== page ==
“Tuck your tailbone”, “Pull your belly in”, “Lift your chest”, “Pull your shoulders back”. All Sound familiar?
For as long as I am in Yoga practice, I understood the above to be the alignment principles that are commonly heard in every Yoga classes. Such instructions immediately put people in harden and tensed up body condition. I hold such “tuck and pull” principles to be the “must be right” alignment pri‧nciple before I came upon a body education and movement technique developed by Gert Van Leeuwen, called Critical Alignment Therapy (CAT) and Critical Alignment Yoga (CAY).
The main emphasis of CAT/CAY is on relearning how to align our bones and activate our deepest core of support. When I first met Gert, I was a Yoga teacher with a regular practice and I will look for the feel good feeling each time I practice. In spite of the fact that for a number of years I had taught students how to relax in yoga postures, I held on to certain amount of tension in my body myself. I was generally unaware at the fact that my practice does accumulate muscles tension and cause strain to my body yet changes nothing in term of my skeleton structure. I started with a little hunch back habit and I was still seen as a hunch-back person after years of practice. To be practical, it’s a wasting time activity, not only mine but my students’ too.
I also did not realise that I was addicted to the feel good feeling out of the stretching and working out in a full blown yoga Asana practice. After all, what is wrong with doing what other people is doing, practicing Asanas to stay fit. Stretching and sweating body tension away makes me and my students feels so good and energized that it keeps me happy when students were addicted to such a tension relief routine that they kept coming to my class for more of that stretching and sweating affairs on daily basis in order to keep the feel good feeling.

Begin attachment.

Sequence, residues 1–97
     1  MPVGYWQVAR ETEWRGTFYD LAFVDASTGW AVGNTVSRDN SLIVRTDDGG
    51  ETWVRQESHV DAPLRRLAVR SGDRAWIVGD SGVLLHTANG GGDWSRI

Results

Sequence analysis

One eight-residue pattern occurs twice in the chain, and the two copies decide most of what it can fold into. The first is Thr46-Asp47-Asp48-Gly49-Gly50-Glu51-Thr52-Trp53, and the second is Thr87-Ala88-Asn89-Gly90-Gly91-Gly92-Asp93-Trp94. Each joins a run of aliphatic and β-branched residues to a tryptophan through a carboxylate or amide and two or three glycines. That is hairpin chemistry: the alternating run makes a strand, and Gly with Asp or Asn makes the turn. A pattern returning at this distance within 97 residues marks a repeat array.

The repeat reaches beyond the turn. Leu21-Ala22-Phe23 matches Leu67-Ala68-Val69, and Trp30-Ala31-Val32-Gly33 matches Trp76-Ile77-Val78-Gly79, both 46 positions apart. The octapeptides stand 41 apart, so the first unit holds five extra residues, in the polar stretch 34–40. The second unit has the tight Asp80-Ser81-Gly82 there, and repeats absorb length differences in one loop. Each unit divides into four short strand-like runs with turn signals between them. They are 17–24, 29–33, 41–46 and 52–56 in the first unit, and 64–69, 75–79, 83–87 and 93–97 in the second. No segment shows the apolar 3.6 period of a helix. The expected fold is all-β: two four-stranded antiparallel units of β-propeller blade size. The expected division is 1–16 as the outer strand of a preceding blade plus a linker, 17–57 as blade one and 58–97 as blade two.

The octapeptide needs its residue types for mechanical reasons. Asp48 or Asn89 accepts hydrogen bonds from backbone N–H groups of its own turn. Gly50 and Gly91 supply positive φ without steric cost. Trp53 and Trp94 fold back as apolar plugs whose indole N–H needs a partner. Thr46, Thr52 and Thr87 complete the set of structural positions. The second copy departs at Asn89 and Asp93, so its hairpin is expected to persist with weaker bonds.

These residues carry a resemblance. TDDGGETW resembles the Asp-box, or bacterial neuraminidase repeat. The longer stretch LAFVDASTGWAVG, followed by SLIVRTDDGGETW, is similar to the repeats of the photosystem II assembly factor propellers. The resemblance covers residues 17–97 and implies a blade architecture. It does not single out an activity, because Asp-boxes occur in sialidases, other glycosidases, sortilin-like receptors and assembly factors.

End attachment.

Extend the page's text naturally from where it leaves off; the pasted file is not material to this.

Today, a increasingly growing numbers of yoga teachers are teaching Yoga to enhance that “feel good” feeling that I was talking about and what Gert refers to as “Yoga practice based on your body preference and it changes nothing, even you practice for years”. Meaning, like me, I carried my rounded back position to my headstand or I am likely to hide it or compensate it by raising my ribs up in backbends, thus creating tension by compressing my lower back. And when I look in the yoga instruction books which are popular all over the world I see the same. It made me realize that modern yoga doesn’t originate from a “true” tradition but is developed through the opinon of a few people in the past century. They had their preferences and we are all copying them.
Gert’s technique is a rare field of study or a body of research that has grown out of the principle of the body original natural alignment. We have probably forgotten how to live our bodies in a natural aligned way, the way children are. Children are naturally able to teach themselves how to turn over, push the head up, sit up, crawl, stand and walk by applying the most basic principle of body’s instinctive engineering. While maintaining balance, children never hold muscular tension in their bodies because their spine is in balance.
Although first inspired by the teaching of B.K.S Iyengar with whom he discovered the basic category of Yoga Asanas, the techniques of alignment in CAY are aiming at totally different purpose. Gert’s techniques provide a real valuable insight into how our natural body is designed to stay aligned for comfort and for ease of movement in our daily activities and not to perform superhuman Yoga postures even though that is also possible after the body structures are originally aligned.